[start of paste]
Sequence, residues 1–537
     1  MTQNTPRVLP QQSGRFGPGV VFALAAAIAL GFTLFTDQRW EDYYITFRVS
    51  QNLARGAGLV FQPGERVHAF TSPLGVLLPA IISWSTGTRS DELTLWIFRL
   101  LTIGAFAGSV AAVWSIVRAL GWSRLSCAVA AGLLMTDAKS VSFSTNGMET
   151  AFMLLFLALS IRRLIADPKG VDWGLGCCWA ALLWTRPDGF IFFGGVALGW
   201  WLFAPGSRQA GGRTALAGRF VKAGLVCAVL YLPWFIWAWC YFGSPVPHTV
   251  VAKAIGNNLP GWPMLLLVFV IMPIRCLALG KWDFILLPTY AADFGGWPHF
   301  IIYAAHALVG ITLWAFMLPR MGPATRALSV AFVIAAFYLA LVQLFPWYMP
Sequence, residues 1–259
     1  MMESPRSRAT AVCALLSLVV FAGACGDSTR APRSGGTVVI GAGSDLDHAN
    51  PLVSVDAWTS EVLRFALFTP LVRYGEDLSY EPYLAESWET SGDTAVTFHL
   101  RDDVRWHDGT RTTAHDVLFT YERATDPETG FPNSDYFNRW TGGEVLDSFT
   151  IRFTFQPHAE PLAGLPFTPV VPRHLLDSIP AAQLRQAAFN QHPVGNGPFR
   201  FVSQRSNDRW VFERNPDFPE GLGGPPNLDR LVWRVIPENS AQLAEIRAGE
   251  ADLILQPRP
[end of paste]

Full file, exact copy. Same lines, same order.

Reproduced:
Sequence, residues 1–537
     1  MTQNTPRVLP QQSGRFGPGV VFALAAAIAL GFTLFTDQRW EDYYITFRVS
    51  QNLARGAGLV FQPGERVHAF TSPLGVLLPA IISWSTGTRS DELTLWIFRL
   101  LTIGAFAGSV AAVWSIVRAL GWSRLSCAVA AGLLMTDAKS VSFSTNGMET
   151  AFMLLFLALS IRRLIADPKG VDWGLGCCWA ALLWTRPDGF IFFGGVALGW
   201  WLFAPGSRQA GGRTALAGRF VKAGLVCAVL YLPWFIWAWC YFGSPVPHTV
   251  VAKAIGNNLP GWPMLLLVFV IMPIRCLALG KWDFILLPTY AADFGGWPHF
   301  IIYAAHALVG ITLWAFMLPR MGPATRALSV AFVIAAFYLA LVQLFPWYMP
Sequence, residues 1–259
     1  MMESPRSRAT AVCALLSLVV FAGACGDSTR APRSGGTVVI GAGSDLDHAN
    51  PLVSVDAWTS EVLRFALFTP LVRYGEDLSY EPYLAESWET SGDTAVTFHL
   101  RDDVRWHDGT RTTAHDVLFT YERATDPETG FPNSDYFNRW TGGEVLDSFT
   151  IRFTFQPHAE PLAGLPFTPV VPRHLLDSIP AAQLRQAAFN QHPVGNGPFR
   201  FVSQRSNDRW VFERNPDFPE GLGGPPNLDR LVWRVIPENS AQLAEIRAGE
   251  ADLILQPRP